The definition of cybercrime continues to evolve as avenues open up that allow cybercriminals to target consumers in new ways. Each year, we will evaluate current cybercrime trends and update the report’s methodology as needed, to ensure the Norton Cyber Safety Insights Report provides an accurate snapshot of the impact of cybercrime as it stands today. In the 2021 Norton LifeLock Cyber Safety Insights Report, a cybercrime is defined as having personally experienced a crime committed with devices over the Internet. This includes crimes where a computer is used to victimize an individual, such as by theft or fraud, and crimes that target other computers and connected devices to access the data on the device or that affect the device’s operation.
 

  • Detected malicious software (e.g., spyware, ransomware, viruses, worms, Trojan horses, adware, etc.) on a computer, Wi-Fi network, smartphone, tablet, smart home, or other connected device  
  • Provided personal information, financial information or money in response to a fraudulent email, text message or website
  • Learned your personal information was exposed in a data breach   
  • Discovered your personal information was stolen online and used without your permission
  • Been threatened with the release of sensitive personal photos, video or information that was stolen online
  • Detected unauthorized access to your home or personal Wi-Fi network
  • Detected unauthorized access on a webcam
  • Detected unauthorized access on a social media account
  • Detected unauthorized access on an email account 
  • Detected unauthorized access on an online retail or shopping account
  • Detected unauthorized access on an online banking or other financial account
  • Detected unauthorized access on an online gaming account
  • Detected unauthorized access on another online account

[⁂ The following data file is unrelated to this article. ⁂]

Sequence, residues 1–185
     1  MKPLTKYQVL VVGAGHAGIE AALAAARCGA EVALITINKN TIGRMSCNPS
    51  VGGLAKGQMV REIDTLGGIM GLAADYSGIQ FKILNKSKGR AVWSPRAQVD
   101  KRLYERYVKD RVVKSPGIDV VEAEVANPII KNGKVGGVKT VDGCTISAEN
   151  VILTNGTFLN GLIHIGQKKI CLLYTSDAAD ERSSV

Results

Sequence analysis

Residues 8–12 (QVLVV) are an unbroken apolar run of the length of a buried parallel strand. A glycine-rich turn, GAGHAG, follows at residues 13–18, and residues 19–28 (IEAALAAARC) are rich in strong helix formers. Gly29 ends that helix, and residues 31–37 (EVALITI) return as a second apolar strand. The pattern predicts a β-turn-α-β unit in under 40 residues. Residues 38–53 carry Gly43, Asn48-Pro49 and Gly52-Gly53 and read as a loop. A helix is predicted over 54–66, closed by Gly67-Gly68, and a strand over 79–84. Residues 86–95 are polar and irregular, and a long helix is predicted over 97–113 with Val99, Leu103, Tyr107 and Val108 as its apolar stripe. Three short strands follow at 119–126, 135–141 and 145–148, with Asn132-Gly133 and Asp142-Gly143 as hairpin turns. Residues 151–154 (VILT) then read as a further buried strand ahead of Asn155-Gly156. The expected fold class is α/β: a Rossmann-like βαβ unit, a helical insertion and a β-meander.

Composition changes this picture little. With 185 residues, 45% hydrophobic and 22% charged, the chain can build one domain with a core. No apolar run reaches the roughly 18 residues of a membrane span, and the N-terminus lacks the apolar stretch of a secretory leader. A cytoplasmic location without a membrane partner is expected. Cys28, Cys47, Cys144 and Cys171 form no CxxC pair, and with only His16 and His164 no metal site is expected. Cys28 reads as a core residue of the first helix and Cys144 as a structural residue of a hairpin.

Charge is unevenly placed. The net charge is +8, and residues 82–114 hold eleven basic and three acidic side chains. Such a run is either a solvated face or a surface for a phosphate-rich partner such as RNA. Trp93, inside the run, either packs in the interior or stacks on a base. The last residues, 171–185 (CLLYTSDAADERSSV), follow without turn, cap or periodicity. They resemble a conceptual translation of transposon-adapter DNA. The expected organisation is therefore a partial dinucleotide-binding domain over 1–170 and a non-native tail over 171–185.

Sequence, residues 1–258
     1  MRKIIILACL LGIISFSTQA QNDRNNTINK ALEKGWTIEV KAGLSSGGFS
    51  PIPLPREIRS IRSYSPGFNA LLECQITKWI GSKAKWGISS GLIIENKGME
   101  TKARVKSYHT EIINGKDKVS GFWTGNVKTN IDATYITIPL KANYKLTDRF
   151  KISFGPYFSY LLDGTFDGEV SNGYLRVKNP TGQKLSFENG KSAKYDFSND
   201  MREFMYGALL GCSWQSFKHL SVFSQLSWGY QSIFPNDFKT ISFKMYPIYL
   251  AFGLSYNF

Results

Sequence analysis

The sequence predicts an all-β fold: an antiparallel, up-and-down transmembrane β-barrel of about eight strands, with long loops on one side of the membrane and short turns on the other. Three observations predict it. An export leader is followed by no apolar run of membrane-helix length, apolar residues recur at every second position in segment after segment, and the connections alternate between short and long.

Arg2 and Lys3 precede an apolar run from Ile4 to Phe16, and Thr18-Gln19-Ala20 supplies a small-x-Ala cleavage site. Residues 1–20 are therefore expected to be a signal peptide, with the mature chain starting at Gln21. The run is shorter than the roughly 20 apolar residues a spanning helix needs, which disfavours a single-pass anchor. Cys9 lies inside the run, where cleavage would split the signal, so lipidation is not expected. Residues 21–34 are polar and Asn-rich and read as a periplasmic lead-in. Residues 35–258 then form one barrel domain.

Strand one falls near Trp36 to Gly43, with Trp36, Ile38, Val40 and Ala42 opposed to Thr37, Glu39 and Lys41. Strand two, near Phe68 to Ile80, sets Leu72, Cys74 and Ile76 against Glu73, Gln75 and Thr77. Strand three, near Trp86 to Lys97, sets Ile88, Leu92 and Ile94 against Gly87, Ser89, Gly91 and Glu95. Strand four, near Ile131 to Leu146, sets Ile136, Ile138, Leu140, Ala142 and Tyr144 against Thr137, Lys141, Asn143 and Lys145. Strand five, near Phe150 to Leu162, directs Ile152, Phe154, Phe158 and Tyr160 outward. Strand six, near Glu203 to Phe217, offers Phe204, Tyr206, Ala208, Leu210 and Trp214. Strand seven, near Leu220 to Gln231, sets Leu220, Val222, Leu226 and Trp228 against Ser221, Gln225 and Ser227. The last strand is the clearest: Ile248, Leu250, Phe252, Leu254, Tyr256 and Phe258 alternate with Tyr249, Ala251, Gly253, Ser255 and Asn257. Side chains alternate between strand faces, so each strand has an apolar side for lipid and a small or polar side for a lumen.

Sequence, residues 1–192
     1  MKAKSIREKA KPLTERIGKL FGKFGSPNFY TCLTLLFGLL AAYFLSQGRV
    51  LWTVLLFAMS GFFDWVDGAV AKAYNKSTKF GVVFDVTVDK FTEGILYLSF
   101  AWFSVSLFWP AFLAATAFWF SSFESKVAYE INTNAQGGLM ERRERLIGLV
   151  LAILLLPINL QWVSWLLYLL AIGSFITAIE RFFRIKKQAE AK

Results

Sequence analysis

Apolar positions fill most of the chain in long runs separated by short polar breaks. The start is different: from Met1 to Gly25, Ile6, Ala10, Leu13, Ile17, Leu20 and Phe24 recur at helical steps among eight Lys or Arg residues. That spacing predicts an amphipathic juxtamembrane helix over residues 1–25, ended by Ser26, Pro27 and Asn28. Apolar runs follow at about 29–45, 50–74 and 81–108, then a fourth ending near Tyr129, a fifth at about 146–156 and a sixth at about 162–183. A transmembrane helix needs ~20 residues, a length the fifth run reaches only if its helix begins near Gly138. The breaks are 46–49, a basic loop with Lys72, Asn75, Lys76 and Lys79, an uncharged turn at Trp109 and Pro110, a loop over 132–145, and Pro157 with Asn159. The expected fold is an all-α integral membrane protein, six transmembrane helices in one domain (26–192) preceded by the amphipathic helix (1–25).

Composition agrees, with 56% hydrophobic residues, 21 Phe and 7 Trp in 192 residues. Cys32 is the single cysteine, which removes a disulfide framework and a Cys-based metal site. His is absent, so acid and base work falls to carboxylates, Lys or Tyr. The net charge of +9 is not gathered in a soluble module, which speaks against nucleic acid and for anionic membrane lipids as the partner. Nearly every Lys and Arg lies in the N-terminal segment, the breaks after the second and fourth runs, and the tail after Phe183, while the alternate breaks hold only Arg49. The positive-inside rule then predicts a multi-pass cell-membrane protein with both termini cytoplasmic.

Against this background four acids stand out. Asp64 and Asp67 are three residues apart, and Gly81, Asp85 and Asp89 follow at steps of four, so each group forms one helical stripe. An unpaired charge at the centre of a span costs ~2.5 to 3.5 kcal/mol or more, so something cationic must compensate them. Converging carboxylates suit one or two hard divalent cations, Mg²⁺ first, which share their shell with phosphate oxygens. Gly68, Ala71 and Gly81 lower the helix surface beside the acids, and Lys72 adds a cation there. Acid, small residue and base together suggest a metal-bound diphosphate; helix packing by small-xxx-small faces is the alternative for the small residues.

• Been stalked, bullied or harassed online

2019 Norton Cyber Safety Insights Report

Consumers are proactively trying to protect their privacy but many feel it’s too late or even impossible to protect it


Uncover how many consumers were impacted by identity theft and cybercrime in the last year and their perceptions around privacy protections in the 2019 Norton Cyber Safety Insights Report, which surveyed over 10,000 adults in Australia, France, Germany, India, Italy, Japan, The Netherlands, New Zealand, United Kingdom and United States.

2018 Norton Cyber Safety Insights Report

Privacy concerns leave consumers wanting more control, but convenience overrules risk
 

See how 2018’s heightened attention around breaches and privacy may have influenced consumers’ behavior and understanding of privacy, security and identity theft in the 2018 Norton Cyber Safety Insights Report, which surveyed more than 16,000 consumers in 16 countries.

2017 Norton Cyber Safety Insights Report

Consumers’ Overconfidence Opens the Virtual Door for Cybercriminals
 

Uncover the discrepancies behind consumers’ perceived knowledge of cybercrime and their not-so-savvy online behaviors in the 2017 Norton Cyber Security Insights Report, which surveyed more than 21,000 consumers globally in 20 countries.

2016 Norton Cyber Safety Insights Report

We surveyed 20,907 adult device users in 21 countries to learn about their online behaviors, attitudes and security habits. See how they fared alongside the dangers and financial cost of cybercrime.

2015 Norton Cyber Safety Insights Report

This report examines consumers' online behaviors, attitudes and security habits alongside the dangers and financial cost of cybercrime. A truly global take on online crime and the emotional toll it takes on consumers, the report surveyed 17,125 adult mobile device users across 17 countries.